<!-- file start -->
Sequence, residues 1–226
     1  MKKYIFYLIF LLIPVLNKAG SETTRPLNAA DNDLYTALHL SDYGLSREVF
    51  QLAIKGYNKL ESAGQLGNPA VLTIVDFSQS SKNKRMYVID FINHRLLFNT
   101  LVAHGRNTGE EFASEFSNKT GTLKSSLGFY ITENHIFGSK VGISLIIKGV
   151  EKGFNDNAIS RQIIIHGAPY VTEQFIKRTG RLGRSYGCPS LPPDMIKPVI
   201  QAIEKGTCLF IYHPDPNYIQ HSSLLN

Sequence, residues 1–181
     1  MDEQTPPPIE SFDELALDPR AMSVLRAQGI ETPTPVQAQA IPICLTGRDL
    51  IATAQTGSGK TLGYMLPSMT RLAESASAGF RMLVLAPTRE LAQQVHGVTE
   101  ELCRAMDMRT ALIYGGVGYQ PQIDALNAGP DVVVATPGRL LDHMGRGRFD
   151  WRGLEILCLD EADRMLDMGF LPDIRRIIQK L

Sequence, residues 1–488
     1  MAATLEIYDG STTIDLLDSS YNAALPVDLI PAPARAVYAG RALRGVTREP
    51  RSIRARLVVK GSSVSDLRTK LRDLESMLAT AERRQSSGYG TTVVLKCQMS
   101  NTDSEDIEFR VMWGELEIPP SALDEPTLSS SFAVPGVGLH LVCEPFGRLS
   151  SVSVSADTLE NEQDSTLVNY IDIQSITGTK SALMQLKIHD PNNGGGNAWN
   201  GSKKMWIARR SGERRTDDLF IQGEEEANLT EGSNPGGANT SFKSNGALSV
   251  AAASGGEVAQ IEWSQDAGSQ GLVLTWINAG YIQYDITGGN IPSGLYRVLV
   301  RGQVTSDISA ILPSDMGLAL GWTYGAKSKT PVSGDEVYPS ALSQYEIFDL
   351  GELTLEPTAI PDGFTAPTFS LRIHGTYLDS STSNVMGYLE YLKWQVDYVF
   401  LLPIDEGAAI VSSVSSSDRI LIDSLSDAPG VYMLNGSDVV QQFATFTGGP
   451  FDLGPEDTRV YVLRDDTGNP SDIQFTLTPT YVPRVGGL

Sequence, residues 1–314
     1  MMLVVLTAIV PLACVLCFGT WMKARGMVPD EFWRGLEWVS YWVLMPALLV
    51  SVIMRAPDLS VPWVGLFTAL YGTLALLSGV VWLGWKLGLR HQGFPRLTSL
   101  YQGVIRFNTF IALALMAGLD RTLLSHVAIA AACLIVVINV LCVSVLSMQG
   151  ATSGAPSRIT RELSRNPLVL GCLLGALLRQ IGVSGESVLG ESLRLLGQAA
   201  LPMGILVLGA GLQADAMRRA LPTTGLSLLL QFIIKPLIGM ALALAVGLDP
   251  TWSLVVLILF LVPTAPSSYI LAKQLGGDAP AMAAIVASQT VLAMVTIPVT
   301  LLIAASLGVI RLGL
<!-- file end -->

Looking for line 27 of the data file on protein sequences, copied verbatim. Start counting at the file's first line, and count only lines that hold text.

   151  ATSGAPSRIT RELSRNPLVL GCLLGALLRQ IGVSGESVLG ESLRLLGQAA